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Categories: Bad reviews, Internet, Newspapers. Tags: , ,

NewsNow vs the Times: I’ve decided I’m not sympathetic

January 9, 2010 3 Comments

I wrote yesterday that I was sympathetic towards NewsNow and its ongoing row with newspapers, especially the Times.

I've now decided that I'm not.

NewsNow crawls the Times site in order to gather information for its paid service to businesses as well as its free service to consumers:

Our unique filing engine is designed to match each new breaking news article, against any of thousands of complex search specifications, in seconds. Our subscription services harness the power of our filing engine for your organisation's specific purpose.

It charges from £95 a month for tailored feeds and from £75 a month for generic (pre-built) feeds.

So it basically charges organisations to show them news stories about a given subject or keyword.

Put like that, there's no real reason why the Times should let NewsNow crawl its site, unless it pays up to the Newspaper Licensing Authority.

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  • It's interesting that NewsNow is doing just what the Times should be doing – packaging content in useful and valuable ways that people are willing to pay for.

    Perhaps the Times has learned the lesson and is paving the way for its own service...

  • Adam Newby says:

    Just to set the record straight: NewsNow does not "charge organisations to show them news stories". If our B2B customers want to read articles from The Times (or any other free-to-web publication), they can do so for free directly at the Times Online web site. So why would they pay us for the privilege? What they pay for is for our search service: for us to *find* articles for them. We don't republish content, we only publish links to that content.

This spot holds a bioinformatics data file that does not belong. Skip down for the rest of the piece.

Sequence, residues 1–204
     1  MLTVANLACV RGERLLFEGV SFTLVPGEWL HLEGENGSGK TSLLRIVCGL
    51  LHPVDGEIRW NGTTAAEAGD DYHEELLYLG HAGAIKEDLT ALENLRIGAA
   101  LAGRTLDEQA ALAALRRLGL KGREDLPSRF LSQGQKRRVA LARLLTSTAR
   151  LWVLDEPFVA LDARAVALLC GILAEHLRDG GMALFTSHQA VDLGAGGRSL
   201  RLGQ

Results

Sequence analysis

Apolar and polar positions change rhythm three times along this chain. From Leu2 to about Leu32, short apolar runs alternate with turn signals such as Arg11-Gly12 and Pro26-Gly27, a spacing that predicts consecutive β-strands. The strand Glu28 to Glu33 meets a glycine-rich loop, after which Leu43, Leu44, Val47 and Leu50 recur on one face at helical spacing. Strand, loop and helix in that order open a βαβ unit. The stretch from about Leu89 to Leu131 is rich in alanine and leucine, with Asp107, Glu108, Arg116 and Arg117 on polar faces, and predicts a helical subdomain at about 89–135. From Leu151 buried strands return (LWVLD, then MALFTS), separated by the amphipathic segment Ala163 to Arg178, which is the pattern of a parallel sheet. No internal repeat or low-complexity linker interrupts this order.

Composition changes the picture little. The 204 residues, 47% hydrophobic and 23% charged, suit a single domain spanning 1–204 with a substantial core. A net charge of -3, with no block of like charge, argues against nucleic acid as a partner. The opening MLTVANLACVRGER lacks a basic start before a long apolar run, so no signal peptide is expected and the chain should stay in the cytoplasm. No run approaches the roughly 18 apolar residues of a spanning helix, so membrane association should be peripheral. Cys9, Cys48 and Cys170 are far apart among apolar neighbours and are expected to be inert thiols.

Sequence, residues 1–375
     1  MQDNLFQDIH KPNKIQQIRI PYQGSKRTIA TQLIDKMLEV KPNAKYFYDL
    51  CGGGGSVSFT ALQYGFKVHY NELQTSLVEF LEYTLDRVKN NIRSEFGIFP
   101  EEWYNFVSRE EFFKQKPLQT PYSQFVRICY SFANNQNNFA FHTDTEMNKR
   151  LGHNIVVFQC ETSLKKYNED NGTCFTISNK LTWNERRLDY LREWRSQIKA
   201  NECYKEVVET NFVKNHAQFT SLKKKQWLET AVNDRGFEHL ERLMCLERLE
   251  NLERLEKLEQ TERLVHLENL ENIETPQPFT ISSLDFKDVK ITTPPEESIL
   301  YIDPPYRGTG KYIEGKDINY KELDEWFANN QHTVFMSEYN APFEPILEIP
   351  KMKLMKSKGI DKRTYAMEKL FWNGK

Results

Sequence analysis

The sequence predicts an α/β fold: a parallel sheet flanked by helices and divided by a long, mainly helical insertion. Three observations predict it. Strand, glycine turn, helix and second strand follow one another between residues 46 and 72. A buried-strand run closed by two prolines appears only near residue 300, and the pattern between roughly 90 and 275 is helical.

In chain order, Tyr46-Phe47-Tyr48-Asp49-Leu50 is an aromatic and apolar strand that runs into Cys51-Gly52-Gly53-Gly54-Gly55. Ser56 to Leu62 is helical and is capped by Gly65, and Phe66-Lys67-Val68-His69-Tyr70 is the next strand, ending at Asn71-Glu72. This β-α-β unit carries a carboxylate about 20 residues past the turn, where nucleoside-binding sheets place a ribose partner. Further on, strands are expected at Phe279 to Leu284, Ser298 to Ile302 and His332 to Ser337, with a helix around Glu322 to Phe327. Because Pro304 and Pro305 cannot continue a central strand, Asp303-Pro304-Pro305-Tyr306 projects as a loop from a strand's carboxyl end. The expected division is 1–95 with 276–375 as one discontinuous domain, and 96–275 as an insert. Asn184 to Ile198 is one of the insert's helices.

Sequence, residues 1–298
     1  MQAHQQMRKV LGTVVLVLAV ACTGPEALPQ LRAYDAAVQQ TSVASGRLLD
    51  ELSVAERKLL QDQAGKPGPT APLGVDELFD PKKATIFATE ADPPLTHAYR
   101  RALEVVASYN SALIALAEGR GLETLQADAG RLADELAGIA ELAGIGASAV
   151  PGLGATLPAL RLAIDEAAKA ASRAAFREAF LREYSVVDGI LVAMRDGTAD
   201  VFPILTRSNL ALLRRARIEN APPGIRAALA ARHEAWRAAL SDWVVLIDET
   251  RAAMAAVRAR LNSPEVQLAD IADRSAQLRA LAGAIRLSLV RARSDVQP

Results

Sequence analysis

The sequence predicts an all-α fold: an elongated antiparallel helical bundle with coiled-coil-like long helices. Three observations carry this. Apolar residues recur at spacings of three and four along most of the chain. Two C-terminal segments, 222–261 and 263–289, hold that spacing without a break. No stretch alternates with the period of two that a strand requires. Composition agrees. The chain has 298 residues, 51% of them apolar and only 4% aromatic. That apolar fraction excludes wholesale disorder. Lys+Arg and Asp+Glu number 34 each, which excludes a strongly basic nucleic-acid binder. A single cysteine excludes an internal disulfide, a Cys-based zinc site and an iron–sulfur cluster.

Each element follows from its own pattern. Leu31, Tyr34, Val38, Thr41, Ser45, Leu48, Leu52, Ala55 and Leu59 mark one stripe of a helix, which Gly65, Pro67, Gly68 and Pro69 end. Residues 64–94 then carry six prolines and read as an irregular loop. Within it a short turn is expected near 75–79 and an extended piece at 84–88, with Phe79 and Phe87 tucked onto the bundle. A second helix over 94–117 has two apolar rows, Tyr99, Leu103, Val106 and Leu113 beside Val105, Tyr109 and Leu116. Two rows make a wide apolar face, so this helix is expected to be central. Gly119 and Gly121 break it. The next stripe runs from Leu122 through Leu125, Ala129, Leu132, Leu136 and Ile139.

The distinction between 'free' and 'paid for' is in any case a spurious one: Google News provides an email alert facility, but they happen not to charge for it; our free web site is not really 'free', in that it is part funded by advertising.

  • Hi, Adam. Thanks for the comment - and sorry, I hadn't meant to imply that you republished the content. I meant show in the sense of point out rather than allow them to read.

    As you're here though, do you have any thoughts on my previous post about the difference between the right to crawl and the right to link.

    Even if Meltwater wins the copyright tribunal case against the NLA, the papers' use of robots.txt files to block crawlers could render that victory redundant. Not that robots.txt files have the force of law or anything ...

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